Hello. It’s us again, telling you where to woo your fellow Lovestruckers in London. After all, location is nine tenths of dating… Well, maybe not, but it’s up there with chemistry, personality, and the ever undefinable je ne sais quoi (in English: ‘I dunno, what d’you reckon?’)
SO WHERE SHOULD I TAKE THEM?
Summer in the city can prove a bit stifling, so we say escape down the District line to London’s biggest UNESCO World Heritage Site, The Royal Botanical Gardens at Kew. Although this leafy oasis is open all year round, Kew Gardens’ summer events are always worth waiting for and, with the unveiling of their ‘IncrEdibles’ season, 2013 has proved to be no exception. If nothing else, it’s worth the journey to visit the remarkable Palm House.
WAIT, WHAT? GO BACK A BIT.
The premise? Incredible, edible flora and fauna. Look out for the Rose Garden Tea Room (a planter disguised as a trestle table set up for afternoon tea) and the huge kitchen garden. But the pièce de résistance has got to be Bompass & Parr’s Tutti Frutti Boating Lake. Think Willy Wonka lost at sea, rescued by Heston Blumenthal in a lifeboat made of fruit. Sail around the boating lake in 3D glasses, making sure to dock at Pineapple Island and the secret banana grotto. Far more exciting than any Hyde Park pedalo and ripe with date-talk topics.
WHERE IS IT?
Way out west in zone 3, but not as tricky to get to as you might imagine. Take the tube to Kew Gardens (District line) or hop on a train from Waterloo/Vauxhall to Kew Bridge station. The 5-minute walk over the Thames and past a perfectly kempt Kew green isn’t too much of a schlep.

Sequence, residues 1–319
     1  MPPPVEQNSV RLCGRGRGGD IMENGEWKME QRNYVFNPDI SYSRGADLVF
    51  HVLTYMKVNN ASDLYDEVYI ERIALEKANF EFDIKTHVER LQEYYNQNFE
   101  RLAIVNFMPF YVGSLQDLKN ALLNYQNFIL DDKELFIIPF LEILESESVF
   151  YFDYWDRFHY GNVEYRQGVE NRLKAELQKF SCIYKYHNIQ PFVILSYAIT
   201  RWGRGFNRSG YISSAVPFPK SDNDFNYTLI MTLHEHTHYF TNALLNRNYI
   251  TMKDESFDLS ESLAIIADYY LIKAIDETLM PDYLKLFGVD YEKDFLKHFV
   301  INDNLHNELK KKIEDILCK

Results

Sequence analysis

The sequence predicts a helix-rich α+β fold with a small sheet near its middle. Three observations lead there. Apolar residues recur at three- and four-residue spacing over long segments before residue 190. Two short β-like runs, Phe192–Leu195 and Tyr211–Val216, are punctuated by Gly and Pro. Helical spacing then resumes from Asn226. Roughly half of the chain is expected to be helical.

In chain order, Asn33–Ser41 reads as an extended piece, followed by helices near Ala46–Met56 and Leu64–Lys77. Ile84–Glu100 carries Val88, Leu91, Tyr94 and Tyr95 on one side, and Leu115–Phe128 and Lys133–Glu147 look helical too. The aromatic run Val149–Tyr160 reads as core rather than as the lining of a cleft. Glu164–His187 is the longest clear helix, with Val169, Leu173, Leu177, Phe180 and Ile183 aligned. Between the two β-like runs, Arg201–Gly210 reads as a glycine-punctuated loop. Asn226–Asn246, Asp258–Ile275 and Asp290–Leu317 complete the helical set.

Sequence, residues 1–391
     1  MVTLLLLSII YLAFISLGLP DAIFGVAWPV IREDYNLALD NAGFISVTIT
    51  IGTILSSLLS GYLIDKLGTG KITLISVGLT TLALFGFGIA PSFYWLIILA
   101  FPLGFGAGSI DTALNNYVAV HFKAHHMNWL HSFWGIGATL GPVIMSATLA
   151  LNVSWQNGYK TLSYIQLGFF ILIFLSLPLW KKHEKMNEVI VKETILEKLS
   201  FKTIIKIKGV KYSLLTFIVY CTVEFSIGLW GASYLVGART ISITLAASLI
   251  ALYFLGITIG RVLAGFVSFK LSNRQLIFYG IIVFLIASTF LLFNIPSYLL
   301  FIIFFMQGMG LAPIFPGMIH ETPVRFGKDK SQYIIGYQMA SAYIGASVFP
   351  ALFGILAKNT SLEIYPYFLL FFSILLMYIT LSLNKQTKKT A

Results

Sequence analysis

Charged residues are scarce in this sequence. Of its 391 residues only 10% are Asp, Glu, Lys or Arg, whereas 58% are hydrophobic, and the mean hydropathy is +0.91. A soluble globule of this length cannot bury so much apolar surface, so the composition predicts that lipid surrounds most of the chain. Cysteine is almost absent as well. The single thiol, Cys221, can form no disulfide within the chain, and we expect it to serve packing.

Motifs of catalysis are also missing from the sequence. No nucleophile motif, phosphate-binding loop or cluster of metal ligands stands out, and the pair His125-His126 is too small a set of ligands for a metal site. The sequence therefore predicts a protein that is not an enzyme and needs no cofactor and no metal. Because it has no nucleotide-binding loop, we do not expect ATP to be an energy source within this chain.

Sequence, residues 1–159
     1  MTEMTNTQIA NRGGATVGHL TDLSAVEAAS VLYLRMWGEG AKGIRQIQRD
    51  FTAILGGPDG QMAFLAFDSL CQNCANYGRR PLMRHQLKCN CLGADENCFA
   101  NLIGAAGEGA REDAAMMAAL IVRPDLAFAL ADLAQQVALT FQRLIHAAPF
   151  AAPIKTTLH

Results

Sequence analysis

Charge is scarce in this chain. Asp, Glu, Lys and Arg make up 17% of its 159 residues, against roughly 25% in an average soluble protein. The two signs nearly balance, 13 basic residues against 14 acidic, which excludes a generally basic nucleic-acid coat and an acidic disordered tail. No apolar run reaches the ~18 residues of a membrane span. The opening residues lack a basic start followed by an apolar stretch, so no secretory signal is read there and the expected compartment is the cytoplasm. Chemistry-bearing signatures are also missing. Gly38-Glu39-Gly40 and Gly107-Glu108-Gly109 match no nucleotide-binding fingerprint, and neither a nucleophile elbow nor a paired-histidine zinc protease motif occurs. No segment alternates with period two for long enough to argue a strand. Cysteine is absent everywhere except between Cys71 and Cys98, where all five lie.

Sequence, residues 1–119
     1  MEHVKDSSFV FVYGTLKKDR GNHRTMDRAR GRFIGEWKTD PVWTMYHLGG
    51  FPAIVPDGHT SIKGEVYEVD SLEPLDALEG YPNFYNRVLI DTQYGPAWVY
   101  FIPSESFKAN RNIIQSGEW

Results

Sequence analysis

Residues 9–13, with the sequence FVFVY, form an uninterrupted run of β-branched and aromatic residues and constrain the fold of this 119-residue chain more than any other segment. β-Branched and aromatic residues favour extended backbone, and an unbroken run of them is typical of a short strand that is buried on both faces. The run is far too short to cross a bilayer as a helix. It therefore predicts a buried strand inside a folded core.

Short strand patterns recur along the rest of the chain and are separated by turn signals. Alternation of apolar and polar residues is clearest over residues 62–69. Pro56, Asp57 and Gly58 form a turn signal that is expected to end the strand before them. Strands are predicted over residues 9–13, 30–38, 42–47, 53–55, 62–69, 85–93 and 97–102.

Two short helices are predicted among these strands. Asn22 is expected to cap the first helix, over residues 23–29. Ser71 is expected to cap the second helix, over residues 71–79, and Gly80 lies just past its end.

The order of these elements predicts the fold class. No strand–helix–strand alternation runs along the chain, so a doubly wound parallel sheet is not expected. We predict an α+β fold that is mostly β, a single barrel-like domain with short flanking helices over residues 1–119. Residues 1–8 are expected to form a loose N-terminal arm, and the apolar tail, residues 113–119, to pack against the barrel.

Here’s the catch… Entry to the gardens is £16 for adults, and this doesn’t include the £4.50 it costs to rent a boat. If you know someone with a season pass then this is the time to call in a favour/rekindle your friendship, as members and their guests can waltz in for free (note that clutching this golden ticket doesn’t exempt you from the boating lake charge).
WHAT ELSE IS NEAR BY?
Head back onto Kew Road and stop for tea at the celebrated ‘Maids of Honour’. This restaurant and tea-room was opened all the way back in 1860 and is still famed for recreating Henry VIII’s favourite baked indulgence, custardy lemony tarts known as ‘maids of honour’ (hence the name of the ye-olde tea-room). Or, if Bompass & Parr have inspired the artiste in you, there’s the Kew Ceramics Café. All a bit too twee for a date? For a liquid lunch sans crème Chantilly, move things on to one of the many nice pubs dotted around the edge of Kew Green.
MAXIMUM BLUFFING VALUE
Sam Bompass and Harry Parr are, in their own words, jellymongers. Or, in the words of The New York Times, ‘England’s leading jelly artists.’ Not that there’s much competition for that title. The gelatinous duo, who, rather inspiringly, haven’t got a single year of formal culinary training between them, have been playing with their food since 2007. But it’s not just jelly they work with. Mention the 32-foot chocolate climbing wall they built at Alton Towers, or last weekend’s ‘Chromatopsia’, an event which saw them dye the River Lea an eerie fluorescent green to celebrate the one-year anniversary of the London Olympics. Crazy food stunts. Crazy guys.
DON’T SAY ‘Have they got a Meerkat enclosure?’
DO SAY (with a hint of irony) ‘It’s so nice to get out of the city. To be honest, I’ve always thought of Kew Gardens as the lungs of London.’Tweet